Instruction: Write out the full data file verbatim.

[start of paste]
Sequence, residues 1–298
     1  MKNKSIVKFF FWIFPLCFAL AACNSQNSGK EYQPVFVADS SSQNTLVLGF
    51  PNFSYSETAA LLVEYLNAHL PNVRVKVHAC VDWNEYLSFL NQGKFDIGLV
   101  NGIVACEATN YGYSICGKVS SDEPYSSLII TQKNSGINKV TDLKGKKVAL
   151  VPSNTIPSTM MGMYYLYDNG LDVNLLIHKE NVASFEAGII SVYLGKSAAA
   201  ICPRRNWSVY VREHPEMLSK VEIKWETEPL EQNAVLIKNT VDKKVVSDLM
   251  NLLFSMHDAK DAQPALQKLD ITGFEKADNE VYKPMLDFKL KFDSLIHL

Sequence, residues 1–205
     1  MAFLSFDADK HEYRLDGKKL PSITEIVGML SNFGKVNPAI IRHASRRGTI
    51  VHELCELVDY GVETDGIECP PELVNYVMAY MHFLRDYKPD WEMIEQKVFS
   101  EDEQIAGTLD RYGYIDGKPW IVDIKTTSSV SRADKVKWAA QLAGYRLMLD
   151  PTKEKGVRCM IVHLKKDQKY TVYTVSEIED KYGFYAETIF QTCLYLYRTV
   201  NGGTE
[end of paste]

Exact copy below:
Sequence, residues 1–298
     1  MKNKSIVKFF FWIFPLCFAL AACNSQNSGK EYQPVFVADS SSQNTLVLGF
    51  PNFSYSETAA LLVEYLNAHL PNVRVKVHAC VDWNEYLSFL NQGKFDIGLV
   101  NGIVACEATN YGYSICGKVS SDEPYSSLII TQKNSGINKV TDLKGKKVAL
   151  VPSNTIPSTM MGMYYLYDNG LDVNLLIHKE NVASFEAGII SVYLGKSAAA
   201  ICPRRNWSVY VREHPEMLSK VEIKWETEPL EQNAVLIKNT VDKKVVSDLM
   251  NLLFSMHDAK DAQPALQKLD ITGFEKADNE VYKPMLDFKL KFDSLIHL

Sequence, residues 1–205
     1  MAFLSFDADK HEYRLDGKKL PSITEIVGML SNFGKVNPAI IRHASRRGTI
    51  VHELCELVDY GVETDGIECP PELVNYVMAY MHFLRDYKPD WEMIEQKVFS
   101  EDEQIAGTLD RYGYIDGKPW IVDIKTTSSV SRADKVKWAA QLAGYRLMLD
   151  PTKEKGVRCM IVHLKKDQKY TVYTVSEIED KYGFYAETIF QTCLYLYRTV
   201  NGGTE